Monday, January 30, 2017

Cambodia pivots away from US after cancellation of joint military exercises
By Emma Richards | 23rd January 2017
JUST days before the inauguration of U.S. President Donald Trump, Cambodia announced that it was cancelling its joint military exercises with the United States, known as Angkor Sentinel, until at least 2019.
Defense Ministry spokesman Chhum Socheat attributed the decision to two key reasons. First, the military was too busy enforcing a national anti-drug campaign, which was launched last month following a visit from Philippine’s President Rodrigo Duterte.
Second, with commune elections scheduled for June, the armed forces are needed to “protect the good security and public order for the people,” he told reporters.
There has been some question as to the honesty of these reasons. Past events, including the 2013 general election, were not met with a particular strain on the military capacity and, if elections were truly the issue, it would be best to maintain strategic ties with the U.S. by postponing the exercises until later in the year once the elections are complete, rather than cancel them for two years.
The revelations of cancelling the military exercises also came in the same week as Prime Minister Hun Sen made his feelings known on former President Barack Obama’s ‘pivot to Asia’ strategy at the World Economic Forum in Davos.
“The policies toward Asia, Asia-Pacific of President Obama has brought complications to the Asian region,” he said at a panel discussion titled “Manufacturing Identity: Is ASEAN a Community Yet?”
“I honestly say that I am unhappy to criticize the (U.S) policy of returning to Asia and I praise the policy of the new President Duterte of the Philippines,” he said, referring to Duterte’s announcement in October that he was “separating” from the U.S. to join China and Russia.
Despite praising Trump in the past and favouring him to win the election, it appears that Mr. Hun Sen will be joining a number of other Southeast Asian nations in their pivot away from the U.S. towards China.
The competition between the United States and China for regional influence has been mounting of late with China make a convincing play to woo Asia-Pacific nations over to their side. And so far, it appears to be working.
“President Duterte has put the Philippines’ policy into reverse. Prime Minister Najib (Razak) of Malaysia is currying favour with Beijing. And Vietnam has just sent its party leader to Beijing to seek reassurances that China will act towards Vietnam with restraint,” Carlyle Thayer, an emeritus professor and Southeast Asia expert at the Australian Defence Force Academy, told the Cambodia Daily.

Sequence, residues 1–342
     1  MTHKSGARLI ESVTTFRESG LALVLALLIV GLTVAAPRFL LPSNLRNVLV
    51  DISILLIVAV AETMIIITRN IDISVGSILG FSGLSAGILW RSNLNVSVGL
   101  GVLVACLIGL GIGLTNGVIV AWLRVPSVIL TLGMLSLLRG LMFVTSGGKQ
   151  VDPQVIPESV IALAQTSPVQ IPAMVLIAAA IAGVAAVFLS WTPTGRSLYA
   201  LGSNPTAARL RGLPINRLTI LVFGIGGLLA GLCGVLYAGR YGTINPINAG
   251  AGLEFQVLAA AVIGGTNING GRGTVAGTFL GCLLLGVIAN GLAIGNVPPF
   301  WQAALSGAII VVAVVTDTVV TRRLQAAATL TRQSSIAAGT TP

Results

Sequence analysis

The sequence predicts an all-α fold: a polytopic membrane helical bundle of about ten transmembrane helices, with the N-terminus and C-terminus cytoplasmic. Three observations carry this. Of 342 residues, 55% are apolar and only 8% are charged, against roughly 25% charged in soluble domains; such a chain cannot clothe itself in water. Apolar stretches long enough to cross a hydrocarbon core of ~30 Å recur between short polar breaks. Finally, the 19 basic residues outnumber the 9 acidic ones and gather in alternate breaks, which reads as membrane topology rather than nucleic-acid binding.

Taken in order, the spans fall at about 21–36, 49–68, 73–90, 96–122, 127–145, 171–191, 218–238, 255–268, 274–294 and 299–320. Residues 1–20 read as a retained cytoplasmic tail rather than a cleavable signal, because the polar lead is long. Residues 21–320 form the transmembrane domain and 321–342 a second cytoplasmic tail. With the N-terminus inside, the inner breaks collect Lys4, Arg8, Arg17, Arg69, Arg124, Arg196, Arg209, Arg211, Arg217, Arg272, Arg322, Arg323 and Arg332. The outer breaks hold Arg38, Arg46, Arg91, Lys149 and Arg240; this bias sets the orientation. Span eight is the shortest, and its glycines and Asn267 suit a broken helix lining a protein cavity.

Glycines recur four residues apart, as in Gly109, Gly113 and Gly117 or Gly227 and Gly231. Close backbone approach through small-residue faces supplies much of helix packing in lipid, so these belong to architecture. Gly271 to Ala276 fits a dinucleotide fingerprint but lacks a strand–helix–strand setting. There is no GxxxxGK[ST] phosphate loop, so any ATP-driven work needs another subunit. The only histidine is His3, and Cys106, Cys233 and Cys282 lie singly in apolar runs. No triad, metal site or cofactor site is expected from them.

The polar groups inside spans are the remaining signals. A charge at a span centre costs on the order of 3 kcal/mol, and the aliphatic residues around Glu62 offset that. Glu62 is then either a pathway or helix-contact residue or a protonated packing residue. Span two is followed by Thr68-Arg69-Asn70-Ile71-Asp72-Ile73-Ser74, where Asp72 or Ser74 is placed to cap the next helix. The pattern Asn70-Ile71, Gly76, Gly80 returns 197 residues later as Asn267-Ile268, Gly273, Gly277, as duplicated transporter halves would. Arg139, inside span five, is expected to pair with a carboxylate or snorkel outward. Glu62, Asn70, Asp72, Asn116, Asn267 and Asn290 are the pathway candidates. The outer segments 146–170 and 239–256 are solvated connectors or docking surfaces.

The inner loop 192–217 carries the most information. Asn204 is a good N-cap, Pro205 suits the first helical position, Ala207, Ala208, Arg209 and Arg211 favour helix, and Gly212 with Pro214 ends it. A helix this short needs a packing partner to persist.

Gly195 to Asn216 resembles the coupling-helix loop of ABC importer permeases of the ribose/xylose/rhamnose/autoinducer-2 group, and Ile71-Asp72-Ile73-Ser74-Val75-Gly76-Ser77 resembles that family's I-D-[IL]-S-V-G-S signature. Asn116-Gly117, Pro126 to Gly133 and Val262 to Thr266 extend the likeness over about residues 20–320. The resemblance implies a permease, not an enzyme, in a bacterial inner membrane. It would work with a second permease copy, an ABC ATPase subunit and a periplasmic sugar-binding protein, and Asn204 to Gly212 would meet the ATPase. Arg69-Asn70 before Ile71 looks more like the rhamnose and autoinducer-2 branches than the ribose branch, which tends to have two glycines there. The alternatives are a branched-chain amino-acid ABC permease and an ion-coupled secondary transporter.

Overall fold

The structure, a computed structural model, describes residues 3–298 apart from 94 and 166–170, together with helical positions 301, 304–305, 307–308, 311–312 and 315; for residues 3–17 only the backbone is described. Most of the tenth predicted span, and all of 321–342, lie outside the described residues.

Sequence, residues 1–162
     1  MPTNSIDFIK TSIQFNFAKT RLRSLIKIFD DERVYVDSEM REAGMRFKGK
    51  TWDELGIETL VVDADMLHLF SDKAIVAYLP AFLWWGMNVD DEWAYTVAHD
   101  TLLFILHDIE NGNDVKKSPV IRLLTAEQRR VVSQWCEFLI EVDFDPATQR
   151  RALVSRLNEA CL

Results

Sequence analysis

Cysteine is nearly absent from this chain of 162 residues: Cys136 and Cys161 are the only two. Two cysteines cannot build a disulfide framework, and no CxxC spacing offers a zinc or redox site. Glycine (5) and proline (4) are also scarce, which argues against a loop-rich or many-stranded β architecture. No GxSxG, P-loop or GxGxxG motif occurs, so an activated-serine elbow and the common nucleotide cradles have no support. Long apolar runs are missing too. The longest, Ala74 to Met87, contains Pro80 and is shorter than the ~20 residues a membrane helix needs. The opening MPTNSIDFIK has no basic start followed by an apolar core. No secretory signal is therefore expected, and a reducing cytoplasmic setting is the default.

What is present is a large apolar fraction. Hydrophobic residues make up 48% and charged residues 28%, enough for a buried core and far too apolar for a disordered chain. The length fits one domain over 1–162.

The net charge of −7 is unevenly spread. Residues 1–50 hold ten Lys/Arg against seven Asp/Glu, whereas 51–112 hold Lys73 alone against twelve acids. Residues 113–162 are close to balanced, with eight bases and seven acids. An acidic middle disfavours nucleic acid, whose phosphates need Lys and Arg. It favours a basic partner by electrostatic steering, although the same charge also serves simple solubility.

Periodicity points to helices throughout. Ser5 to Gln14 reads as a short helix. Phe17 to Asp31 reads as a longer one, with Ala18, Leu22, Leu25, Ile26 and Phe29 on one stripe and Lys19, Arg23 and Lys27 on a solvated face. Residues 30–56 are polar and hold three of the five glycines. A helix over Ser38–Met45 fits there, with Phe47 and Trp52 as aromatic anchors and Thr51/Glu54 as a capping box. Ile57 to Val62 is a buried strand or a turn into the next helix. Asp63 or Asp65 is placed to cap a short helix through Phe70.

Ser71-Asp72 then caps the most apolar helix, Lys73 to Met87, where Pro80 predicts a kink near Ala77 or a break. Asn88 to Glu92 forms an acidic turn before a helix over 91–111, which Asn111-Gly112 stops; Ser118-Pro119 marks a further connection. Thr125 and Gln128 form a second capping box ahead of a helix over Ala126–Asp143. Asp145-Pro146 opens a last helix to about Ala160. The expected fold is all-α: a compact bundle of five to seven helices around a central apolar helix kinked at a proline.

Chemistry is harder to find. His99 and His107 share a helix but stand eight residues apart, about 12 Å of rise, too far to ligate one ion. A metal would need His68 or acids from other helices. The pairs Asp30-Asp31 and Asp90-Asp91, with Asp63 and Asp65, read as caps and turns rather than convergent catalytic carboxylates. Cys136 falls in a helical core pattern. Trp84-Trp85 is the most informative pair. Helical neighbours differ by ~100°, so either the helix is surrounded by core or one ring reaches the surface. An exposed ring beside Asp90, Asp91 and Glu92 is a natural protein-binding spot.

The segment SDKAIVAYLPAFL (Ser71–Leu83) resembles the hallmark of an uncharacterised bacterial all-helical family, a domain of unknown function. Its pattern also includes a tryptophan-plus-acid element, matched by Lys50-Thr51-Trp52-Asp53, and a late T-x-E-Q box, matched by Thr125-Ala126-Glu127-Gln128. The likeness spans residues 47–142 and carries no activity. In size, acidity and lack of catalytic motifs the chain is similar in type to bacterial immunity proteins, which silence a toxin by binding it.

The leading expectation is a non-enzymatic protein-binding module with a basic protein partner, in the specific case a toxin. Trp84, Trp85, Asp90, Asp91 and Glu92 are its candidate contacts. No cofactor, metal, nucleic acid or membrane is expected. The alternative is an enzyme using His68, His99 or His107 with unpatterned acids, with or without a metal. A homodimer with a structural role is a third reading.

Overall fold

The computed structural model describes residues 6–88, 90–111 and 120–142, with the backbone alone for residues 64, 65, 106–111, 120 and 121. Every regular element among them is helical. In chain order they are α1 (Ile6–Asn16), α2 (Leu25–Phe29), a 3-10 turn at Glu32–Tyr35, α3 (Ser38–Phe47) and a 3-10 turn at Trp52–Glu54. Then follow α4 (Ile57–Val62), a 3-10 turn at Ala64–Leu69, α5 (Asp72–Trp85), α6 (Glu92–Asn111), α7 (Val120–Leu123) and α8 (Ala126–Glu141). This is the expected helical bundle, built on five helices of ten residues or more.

Cambodia’s cancellation of joint military exercises sends a clear message as to where their allegiances will lie going forward should they be forced to choose. A point that is compounded by the fact that it came just weeks after Cambodia hosted 500 Chinese soldiers for the largest military exercise in decades.
While it is in the best interests of Cambodia to maintain ties with both Washington and Beijing, if the mounting tit-for-tat hostility between the two escalates further, Cambodia may be hard pressed to achieve this without risking losing favour with China.
Should it come down to an either/or situation, Hun Sen will likely choose the path that is most likely to secure his position; and that is China.
As has been shown in the past, China is a useful ally for Cambodia to have and vice-versa.
Following Cambodia’s successful campaign to force the Association of Southeast Asian Nations (ASEAN) to retract a strongly worded statement towards China on South China Sea disputes, Beijing promised Phnom Penh an additional US$600 million in aid and loans.
But while a move towards China and alienating itself from the U.S. may benefit the ruling party, it is unlikely to benefit the nation as a whole.
“China will provide more economic and military aid in forms that buttress the power of the Cambodian People’s Party,” John Ciorciari, director of the International Policy Center at the Ford School of Public Policy at the University of Michigan, told the Cambodia Daily.
“Cambodia will reciprocate with preferential access to resources, support in international forums, and perhaps with expanded naval access at Kampong Sam [Preah Sihanouk province]. This may benefit Cambodia’s leaders but will back the country further into a diplomatic corner and make domestic political reform even more challenging.”

An open letter to the US ambassador

26 Jan, 2017
A motorbike passes the US Embassy yesterday in Phnom Penh. Post staff